- 2 teaspoons dried oregano
- 2 teaspoons Worcestershire sauce
- 1 dash hot sauce
- Preheat oven to 400 degrees F (200 degrees C).
- Season ribs with salt and pepper. Place in a shallow baking pan. Brown in oven 15 minutes. Turn over, and brown another 15 minutes; drain fat.
- In a medium bowl, mix together the ketchup, chili sauce, brown sugar, vinegar, oregano, Worcestershire sauce, hot sauce, and salt and pepper. Place ribs in slow cooker. Pour sauce over ribs, and turn to coat.
- Cover, and cook on Low 6 to 8 hours, or until ribs are tender.
I didn’t know whether they meant hot or sweet chili sauce, so I used some of each. I got my sweet chili sauce at Shopper’s Corner but I know they also have it at Trader Joe’s and I’m sure Safeway would have an option. I also was short on ketchup so used about a half cup of barbeque sauce as well.
I cooked mine closer to ten hours, because of work and commuting, and they burnt a bit.
For the first unphotogenic meal of the day: Tada!
Still good though! These were sweet and spicy and the meat fell right off the bone. They didn’t have that smoky barbeque flavor, but they were still a hit at my house.
Or so Anna and Eric told me as they stood at the counter eating them cold out of the refrigerator…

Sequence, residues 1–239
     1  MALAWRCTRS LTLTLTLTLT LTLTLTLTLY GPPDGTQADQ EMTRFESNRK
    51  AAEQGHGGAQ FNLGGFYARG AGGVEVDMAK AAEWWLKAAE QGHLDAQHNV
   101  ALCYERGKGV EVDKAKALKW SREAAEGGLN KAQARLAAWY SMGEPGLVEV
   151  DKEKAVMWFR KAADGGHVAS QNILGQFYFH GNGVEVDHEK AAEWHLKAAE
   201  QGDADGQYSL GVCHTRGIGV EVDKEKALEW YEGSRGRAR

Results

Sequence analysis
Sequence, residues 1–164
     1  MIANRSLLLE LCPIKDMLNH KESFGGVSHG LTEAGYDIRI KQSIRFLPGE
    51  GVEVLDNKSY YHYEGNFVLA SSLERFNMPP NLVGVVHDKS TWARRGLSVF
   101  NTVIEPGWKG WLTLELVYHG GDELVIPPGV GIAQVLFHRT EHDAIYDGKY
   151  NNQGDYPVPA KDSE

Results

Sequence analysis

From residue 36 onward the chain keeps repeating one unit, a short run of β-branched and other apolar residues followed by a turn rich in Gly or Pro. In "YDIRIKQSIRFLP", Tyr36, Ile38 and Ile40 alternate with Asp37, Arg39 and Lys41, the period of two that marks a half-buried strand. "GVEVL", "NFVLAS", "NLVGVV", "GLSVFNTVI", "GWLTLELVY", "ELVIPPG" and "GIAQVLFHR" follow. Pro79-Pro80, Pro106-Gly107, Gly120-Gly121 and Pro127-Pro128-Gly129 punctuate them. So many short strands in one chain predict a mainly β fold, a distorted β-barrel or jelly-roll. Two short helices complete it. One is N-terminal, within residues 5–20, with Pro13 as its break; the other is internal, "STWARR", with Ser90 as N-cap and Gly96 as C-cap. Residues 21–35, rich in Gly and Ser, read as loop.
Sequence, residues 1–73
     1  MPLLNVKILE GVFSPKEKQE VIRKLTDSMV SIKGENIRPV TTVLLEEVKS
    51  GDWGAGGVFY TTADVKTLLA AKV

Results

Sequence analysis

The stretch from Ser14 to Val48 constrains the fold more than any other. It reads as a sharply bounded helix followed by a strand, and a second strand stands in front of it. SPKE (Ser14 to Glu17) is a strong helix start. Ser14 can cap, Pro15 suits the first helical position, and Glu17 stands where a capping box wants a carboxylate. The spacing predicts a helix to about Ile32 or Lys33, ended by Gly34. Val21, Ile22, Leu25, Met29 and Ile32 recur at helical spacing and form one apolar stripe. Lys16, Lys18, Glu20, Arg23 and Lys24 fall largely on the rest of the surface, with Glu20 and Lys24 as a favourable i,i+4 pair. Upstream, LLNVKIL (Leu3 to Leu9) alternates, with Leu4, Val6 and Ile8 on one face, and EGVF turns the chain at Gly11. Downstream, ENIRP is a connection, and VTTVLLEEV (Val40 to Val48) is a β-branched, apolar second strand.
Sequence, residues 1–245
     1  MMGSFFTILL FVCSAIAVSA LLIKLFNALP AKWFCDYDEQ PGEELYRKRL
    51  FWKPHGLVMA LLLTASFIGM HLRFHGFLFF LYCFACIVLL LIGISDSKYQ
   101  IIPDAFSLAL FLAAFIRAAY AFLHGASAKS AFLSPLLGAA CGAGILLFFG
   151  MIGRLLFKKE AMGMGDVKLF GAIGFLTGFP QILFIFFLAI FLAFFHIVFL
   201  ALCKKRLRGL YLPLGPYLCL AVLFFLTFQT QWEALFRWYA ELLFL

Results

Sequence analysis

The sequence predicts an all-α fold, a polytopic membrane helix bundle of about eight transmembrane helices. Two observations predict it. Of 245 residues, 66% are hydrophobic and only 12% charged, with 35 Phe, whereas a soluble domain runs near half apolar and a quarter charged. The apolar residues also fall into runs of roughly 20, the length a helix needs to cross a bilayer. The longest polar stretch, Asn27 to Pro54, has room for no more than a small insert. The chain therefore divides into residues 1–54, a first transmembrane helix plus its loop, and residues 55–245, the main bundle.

Gochujang Pulled Pork
Next up, I was on a mission to use up some of the specialty condiments clogging up my refrigerator door. Remember when I made Sweet and Spicy Gochujang Short Ribs in my slow cooker?
Those were totally good by the way.
Well I had about half a bottle of leftover gochujang sauce in my fridge. Now keep in mind that gochujang sauce is different from straight up gochujang and you definitely want the sauce for this!
Use it or lose it, baby.
A friend of mine always says, about having expensive party supplies: “Using these things is the justification for having them”. That’s how I feel about specialty condiments, salts and spices.
All I knew is that I wanted this to be easy.
I started with Closet Cooking, since it was Kevin who introduced me to gochujang in the first place. Turns out he had a three ingredient recipe for Korean Pulled Pork Sandwiches (though I skipped the sesame ginger slaw out of sheer laziness)!
Pretty much you take a few pounds of pork butt or pork shoulder (pretty much the same thing, just different parts of the shoulder. No actual butt is involved), salt and pepper it, brown it on the stove top and dump it in the slow cooker with a whole bunch of gochujang sauce. I didn’t have quite enough sauce, so I cooked the pork plain for a few hours before adding the sauce so it wouldn’t all burn up. Click the link above for the actual recipe.
Unphotogenic photo number two:
Once I discarded some of the fat I was left with this.
This was so good!
This was definitely Eric’s favorite slow cooked meat of the experiment. The gochujang made it spicy, richly flavored and sweet. It burnt a little too, but the crispy bits were delicious.